Not everyone with MRSA (methicillin-resistant Staphylococcus aureus) will undergo treatment with the same antibiotics. How your healthcare provider recommends managing your MRSA infection will depend on factors such as:
The severity of your symptoms
The results of various tests (including which antibiotics may be the most effective)
Healthcare providers typically prescribe oral antibiotics (such as minocycline or sulfamethoxazole/trimethoprim) for less serious cases of MRSA. To manage skin infections that are mild to moderate in severity, your healthcare provider may also drain the affected area. This will help speed up healing.
In situations where the infection is more severe or is not responding to oral antibiotics, IV antibiotics (such as linezolid, daptomycin, or tigecycline) may be required. These are typically started in the hospital. Once the infection starts to improve, your healthcare provider may discharge you from the hospital and have you finish your treatment at home.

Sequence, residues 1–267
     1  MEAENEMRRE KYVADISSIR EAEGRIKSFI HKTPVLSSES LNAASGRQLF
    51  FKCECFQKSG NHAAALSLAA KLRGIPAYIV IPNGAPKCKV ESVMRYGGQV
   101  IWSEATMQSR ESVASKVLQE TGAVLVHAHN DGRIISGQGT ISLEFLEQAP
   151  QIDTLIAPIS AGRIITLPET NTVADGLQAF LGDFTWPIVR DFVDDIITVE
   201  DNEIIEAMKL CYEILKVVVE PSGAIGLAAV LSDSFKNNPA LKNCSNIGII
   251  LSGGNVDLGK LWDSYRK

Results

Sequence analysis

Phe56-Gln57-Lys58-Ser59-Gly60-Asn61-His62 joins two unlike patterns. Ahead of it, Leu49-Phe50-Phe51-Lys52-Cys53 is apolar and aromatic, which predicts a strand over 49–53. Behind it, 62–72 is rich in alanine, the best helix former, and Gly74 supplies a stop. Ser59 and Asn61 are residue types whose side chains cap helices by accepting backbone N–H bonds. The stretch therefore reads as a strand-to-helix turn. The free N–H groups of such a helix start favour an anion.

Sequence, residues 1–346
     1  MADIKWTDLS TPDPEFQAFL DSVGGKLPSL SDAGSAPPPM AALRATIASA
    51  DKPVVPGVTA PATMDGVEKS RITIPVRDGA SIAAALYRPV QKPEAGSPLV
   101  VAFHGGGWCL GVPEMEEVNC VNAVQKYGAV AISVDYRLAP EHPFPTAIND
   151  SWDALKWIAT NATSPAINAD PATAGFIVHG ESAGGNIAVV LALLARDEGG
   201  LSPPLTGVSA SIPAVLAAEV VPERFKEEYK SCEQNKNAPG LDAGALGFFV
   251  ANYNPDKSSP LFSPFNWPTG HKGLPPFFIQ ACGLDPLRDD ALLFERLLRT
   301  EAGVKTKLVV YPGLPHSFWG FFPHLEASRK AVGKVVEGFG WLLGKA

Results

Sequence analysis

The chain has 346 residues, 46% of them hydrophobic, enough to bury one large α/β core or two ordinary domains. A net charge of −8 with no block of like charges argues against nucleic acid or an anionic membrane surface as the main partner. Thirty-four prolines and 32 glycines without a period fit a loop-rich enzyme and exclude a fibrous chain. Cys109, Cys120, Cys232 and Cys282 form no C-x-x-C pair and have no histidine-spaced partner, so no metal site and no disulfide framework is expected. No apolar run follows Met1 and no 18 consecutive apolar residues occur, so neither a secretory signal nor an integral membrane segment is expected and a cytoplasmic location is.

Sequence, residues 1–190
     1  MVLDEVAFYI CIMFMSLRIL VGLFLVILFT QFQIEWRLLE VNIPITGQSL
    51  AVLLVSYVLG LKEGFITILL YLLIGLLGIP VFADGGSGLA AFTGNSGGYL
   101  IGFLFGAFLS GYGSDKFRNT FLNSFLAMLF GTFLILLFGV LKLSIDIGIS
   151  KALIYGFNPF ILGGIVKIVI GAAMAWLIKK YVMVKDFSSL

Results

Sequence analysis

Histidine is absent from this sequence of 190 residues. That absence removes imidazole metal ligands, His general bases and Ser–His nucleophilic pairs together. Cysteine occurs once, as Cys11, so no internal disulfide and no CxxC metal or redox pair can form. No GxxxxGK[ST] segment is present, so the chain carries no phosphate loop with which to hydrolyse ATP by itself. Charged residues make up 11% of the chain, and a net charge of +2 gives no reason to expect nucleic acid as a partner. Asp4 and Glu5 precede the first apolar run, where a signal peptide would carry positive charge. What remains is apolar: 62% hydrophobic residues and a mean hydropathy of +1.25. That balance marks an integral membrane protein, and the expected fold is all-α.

(Click MRSA Treatment for more information on managing this condition. This article explains how long treatment typically lasts, discusses prevention, and explains why it's important to finish your course of antibiotics -- even if you are feeling better.)
Written by/reviewed by: Arthur Schoenstadt, MD
Last reviewed by: ArthurSchoenstadt, MD
List of references (click here):
Stevens DL, Bisno AL, Chambers HF, et al. Practice guidelines for the diagnosis and management of skin and soft-tissue infections. Clin Infect Dis. 2005 Nov 15;41(10):1373-406.
Klevens RM, Morrison MA, Nadle J, et al. Invasive methicillin-resistant Staphylococcus aureus infections in the United States. JAMA. 2007;298:1763.
Cosgrove SE, Sakoulas G, Perencevich EN, et al. Comparison of mortality associated with methicillin-resistant and methicillin-susceptible Staphylococcus aureus bacteremia: a meta-analysis. Clin Infect Dis. 2003;36(1):53-59.
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